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Genetic makeup of native British people

This Oxford University study is fascinating. I've read books on this subject before that came to similar conclusions, but I think I'm right in saying that this is the most detailed study so far:
http://www.telegraph.co.uk/news/science/science-news/11480732/Britons-still-live-in-Anglo-Saxon-tribal-kingdoms-Oxford-University-finds.html

There's all sorts of interesting stuff revealed. For example:

  • There's no real 'celtic' ethnic group. There is more genetic diversity between different culturally celtic groups than you'd expect.

  • Bernicia was clearly a thing, Rheged definitely so. Perhaps more surprisingly, so was the Kingdom of Elmet.

  • Cornish and Devonian populations are genetically distinct, and the boundary is pretty much the River Tamar (the modern boundary between the Duchy and the county). We live just on the Cornish side of the border. Most people I know from Devon wouldn't dream of living in Cornwall and vice versa. Clearly these attitudes have been around for almost 1500 years!

  • I wonder to what extent this signifies that the Cornish are an earlier population and to what extent they are Breton immigrants.

  • North and South Welsh populations are similarly distinct.

  • However, there seems to be an English marcher population stretching from the Severn Valley right up to the Wirral. Wasn't expecting that. Interestingly this population (marked with a purple cross on the map) also has three other very specific locations away from the Welsh frontier - one on the Isle of Wight, one in Kent vaguely near Maidstone and one in what might be Scunthorpe. Interesting.

  • Vikings can't have fancied local women much - there are almost no Norse genes. The one exception is (predictably) Orkney. (I'm assuming from the map that they didn't include Shetland and possibly also the Isle of Man.)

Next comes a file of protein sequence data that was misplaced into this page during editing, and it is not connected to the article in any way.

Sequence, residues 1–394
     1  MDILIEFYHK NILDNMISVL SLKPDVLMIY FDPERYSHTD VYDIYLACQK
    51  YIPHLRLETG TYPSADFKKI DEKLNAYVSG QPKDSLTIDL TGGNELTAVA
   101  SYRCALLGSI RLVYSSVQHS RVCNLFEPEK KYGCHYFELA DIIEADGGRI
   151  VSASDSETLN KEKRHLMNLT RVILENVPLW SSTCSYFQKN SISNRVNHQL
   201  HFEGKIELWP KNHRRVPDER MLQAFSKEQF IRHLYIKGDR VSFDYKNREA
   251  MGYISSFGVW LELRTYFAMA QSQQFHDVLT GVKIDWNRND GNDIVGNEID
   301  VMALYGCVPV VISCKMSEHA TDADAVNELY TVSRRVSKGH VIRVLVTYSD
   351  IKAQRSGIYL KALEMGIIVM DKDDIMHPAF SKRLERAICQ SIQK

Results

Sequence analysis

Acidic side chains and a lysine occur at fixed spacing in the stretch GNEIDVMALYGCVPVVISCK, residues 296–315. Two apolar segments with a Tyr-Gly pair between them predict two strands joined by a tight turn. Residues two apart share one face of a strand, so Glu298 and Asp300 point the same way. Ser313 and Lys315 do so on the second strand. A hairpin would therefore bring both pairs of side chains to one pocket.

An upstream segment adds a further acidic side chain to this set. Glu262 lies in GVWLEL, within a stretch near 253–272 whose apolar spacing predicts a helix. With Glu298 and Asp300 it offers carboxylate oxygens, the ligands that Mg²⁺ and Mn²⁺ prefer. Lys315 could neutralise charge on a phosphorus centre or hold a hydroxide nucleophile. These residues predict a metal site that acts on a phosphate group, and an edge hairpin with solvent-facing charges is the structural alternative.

• There's a clear link between Catalonia and North Wales.

  • There is a distinct 'English' ethnic group, but it only covers part of modern England. The line between the 'English' and the rest of the country is broadly where it was in 600AD which perhaps suggests that areas of 'England' beyond that line are conquered territories that were never truly settled.

Comments

( 14 comments — Leave a comment )
parrot_knight
Mar. 19th, 2015 11:52 pm (UTC)
The un-'English'ness of Northumberland and Durham reminds me of the problems London used to have pre-1603, sending arms to Northumberland and Durham to fight the Scots, only to receive complaints from Yorkshire that the Scots and the men of Northumberland and Durham were raiding them with arms sent from London...

The Marcher folk might be more typical of the descendants of the Romano-British population of central and southern England, with outliers near the centres of administration in eastern Britannia where there was or might have been administrative continuity between the late Roman period and the early Anglo-Saxon kingdoms.

I tried to download the Nature version yesterday, but the site was unavailable.

Edited at 2015-03-19 11:54 pm (UTC)
bunn
Mar. 20th, 2015 12:15 pm (UTC)
I don't think that conclusion (about the Norse genes) works. There are almost no Norse genes *among the people tested* - who were people from rural families who had 4 grandparents all born in the same area.

It would make sense for people with Viking or Roman ancestry to be more likely to live in towns and cities, more likely to travel and marry in a different area - which surely would exclude them from this survey? Perhaps a liking for travel is genetic.